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The fragile nature of papyrus, as a writing medium, meant that older texts not copied onto expensive parchment would eventually crumble and be lost.
After the Fourth Crusade (1202–1204) and the Sack of Constantinople (1204), scholars such as William of Moerbeke gained access to the original Greek texts of scientists and philosophers, including Aristotle, Archimedes, Hero of Alexandria and Proclus, that had been preserved in the Byzantine (Eastern Roman) Empire, and translated them directly into Latin.
The Periplus, a merchants' guidebook which described the sea routes used by traders from Phoenicia and Tartessos, possibly dating to as early as the 6th century BC, contains the most ancient identification of Malaca as Mainake.
It gives an account of a sea voyage circa 525 BC from Massalia (Marseille) along the western Mediterranean coast.
Tartessiorum iuris illic insula antistat urbem, Noctilucae ab incolis sacrata pridem. In front of the town lies an island formerly dedicated by the inhabitants to Noctiluca.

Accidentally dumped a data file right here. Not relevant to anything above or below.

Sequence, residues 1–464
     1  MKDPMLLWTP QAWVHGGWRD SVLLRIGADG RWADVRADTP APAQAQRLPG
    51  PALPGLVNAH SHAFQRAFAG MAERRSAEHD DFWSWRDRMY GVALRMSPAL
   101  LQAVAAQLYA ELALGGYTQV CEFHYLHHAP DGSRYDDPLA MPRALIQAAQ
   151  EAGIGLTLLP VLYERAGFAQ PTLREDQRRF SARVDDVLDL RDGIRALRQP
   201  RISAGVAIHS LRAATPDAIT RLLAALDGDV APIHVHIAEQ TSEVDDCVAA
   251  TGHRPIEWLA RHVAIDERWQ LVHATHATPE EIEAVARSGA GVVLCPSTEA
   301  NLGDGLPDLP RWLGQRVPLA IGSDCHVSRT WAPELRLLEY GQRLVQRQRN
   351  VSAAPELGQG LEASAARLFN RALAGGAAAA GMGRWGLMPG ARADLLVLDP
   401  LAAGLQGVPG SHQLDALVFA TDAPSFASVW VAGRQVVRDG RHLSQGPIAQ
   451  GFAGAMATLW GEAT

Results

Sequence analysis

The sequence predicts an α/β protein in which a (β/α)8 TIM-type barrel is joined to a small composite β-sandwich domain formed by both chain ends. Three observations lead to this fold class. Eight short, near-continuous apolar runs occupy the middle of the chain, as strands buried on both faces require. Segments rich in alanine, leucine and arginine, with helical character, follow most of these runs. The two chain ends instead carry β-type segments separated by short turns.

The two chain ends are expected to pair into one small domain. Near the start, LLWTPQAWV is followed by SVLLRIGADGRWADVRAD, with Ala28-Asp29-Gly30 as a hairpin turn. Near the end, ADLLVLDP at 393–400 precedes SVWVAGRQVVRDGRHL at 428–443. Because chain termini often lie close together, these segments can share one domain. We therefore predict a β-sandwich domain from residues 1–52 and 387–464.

On the island is a marsh and a safe harbour; the town of Menace is above.
Lorenzo Valla (1407–1457) translated Thucydides and Herodotus.
Interest in Greek texts and their availability was scarce in the Latin West during the earlier Middle Ages, but as traffic to the East increased so did Western scholarship.
Classical Greek philosophy consisted of various original works ranging from those from Ancient Greece (e.g.
The final decline and collapse of the Byzantine empire in the fifteenth century heightened contact between its scholars and those of the west. Guarino da Verona (1370–1460) translated Strabo and Plutarch.
Translation into Latin of the full range of Greek classics ensued, including the historians, poets, playwrights and non-Aristotelian philosophers. Poggio Bracciolini (1380–1459) translated Xenophon, Lucan and Diodorus.